Trump always mentions that arms control is one of the topics he and Putin discuss on the phone and in person. For instance, recall that after the infamous "congratulations" call Trump wasn't supposed to make, he said, “I had a call with President Putin and congratulated him on the victory, his electoral victory. The call had to do, also, with the fact that we will probably get together in the not-too-distant future so that we can discuss arms, we can discuss the arms race. As you know, he made a statement that being in an arms race is not a great thing."

The surprise summit in Helsinki came soon after. Several weeks later, Politico published a leaked Russian document listing proposed topics for that private meeting which was headed “Dialogue on the Issue of Arms Control." Whether or not this was "leaked" with intention is unknown and the motives for doing that are not entirely clear. In any case, the Russian reaction to the leak was a bit too histrionic to be believable considering how anodyne the document was. It was odd.

We know that Trump can't find it in himself to criticize the Russian leader. He's simply been incapable of it. So what are we to make of the "trash talk" he threw out on his way to Marine One the other day?

Q: Mr. President, are you prepared to build up the U.S. nuclear arsenal? You said you’re going to pull out of the arms deal.

Trump: Until people come to their senses, we will build it up. Until people come to their senses. Russia has not adhered to the agreement. This should’ve been done years ago. Until people come to their senses — we have more money than anybody else, by far. We’ll build it up. Until they come to their senses. When they do, then we’ll all be smart and we’ll all stop. And we’ll — and by the way, not only stop, we’ll reduce, which I would love to do. But right now, they have not adhered to the agreement.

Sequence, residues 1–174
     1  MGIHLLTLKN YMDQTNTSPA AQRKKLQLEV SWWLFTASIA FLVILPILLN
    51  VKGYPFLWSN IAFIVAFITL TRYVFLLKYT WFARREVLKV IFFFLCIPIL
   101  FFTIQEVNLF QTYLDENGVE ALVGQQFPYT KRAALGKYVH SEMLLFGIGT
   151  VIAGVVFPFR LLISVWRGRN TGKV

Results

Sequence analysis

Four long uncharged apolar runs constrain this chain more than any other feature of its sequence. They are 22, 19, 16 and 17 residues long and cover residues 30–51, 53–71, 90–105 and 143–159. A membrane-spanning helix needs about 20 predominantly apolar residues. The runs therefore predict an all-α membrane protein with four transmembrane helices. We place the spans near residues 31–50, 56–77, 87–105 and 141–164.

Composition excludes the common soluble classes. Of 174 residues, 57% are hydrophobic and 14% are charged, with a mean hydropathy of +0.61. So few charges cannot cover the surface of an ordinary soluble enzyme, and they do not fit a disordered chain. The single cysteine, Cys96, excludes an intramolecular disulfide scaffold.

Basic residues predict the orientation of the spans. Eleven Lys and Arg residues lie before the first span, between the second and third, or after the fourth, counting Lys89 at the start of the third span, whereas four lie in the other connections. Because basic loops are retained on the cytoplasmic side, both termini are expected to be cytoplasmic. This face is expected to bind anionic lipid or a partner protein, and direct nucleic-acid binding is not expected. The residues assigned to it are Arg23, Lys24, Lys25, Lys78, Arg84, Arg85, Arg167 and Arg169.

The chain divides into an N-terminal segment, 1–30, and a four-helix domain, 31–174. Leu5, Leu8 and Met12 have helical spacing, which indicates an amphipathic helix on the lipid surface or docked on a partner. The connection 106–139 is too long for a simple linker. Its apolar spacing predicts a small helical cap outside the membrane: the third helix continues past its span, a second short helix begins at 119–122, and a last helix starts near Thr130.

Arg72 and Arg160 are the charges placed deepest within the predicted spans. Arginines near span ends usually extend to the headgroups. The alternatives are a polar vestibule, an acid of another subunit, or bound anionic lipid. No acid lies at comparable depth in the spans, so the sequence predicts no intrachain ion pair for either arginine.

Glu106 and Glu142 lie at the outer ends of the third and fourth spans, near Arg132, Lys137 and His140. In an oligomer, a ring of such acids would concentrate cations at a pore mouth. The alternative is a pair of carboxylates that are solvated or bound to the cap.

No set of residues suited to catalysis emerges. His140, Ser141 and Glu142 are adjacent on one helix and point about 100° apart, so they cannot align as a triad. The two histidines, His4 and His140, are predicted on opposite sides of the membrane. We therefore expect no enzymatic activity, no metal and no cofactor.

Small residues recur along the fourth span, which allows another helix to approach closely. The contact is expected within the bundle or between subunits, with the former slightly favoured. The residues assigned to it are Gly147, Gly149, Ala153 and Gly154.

Q: Is that a threat to Vladimir Putin?

Trump: It’s a threat to whoever you want. And it includes China, and it includes Russia, and it includes anybody else that wants to play that game. You can’t do that. You can’t play that game on me.

Does that sound like anything Trump has ever said about Putin before?

Bolton has been in Russia this week and announced on Tuesday that the president would meeting with Putin in Paris right after the midterm elections,  for the big military parade Trump loves so much. The press seemed confused: What could possibly be the point of another meeting between these two at this point?

Who knows? Trump loves these face-to-face meetings and Putin seems to understand that. Maybe there's nothing more to it. But I would not be surprised if they have already decided to "announce" that they are terminating the INF agreement (and possibly others as well) but have agreed to a major arms control agreement that will put all those previous agreements to shame! It would be modeled on that extraordinary meeting of the minds between Trump and Kim Jong-un, only bigger and better.

They won't offer any details, of course. Who needs that when they have a beautiful letter of intent that means absolutely nothing? All Trump will have to do is tear up all the previous treaties and tell his base that he's ended the nuclear threat and that will be the end of that. It's worked out well for Kim, why not for Putin?

Obviously, I have no idea whether that's the plan. If it is, the next Congress might have something to say about it. But just the fact that it's plausible is terrifying enough.

By Heather Digby Parton

Heather Digby Parton, also known as "Digby," is a contributing writer to Salon. She was the winner of the 2014 Hillman Prize for Opinion and Analysis Journalism.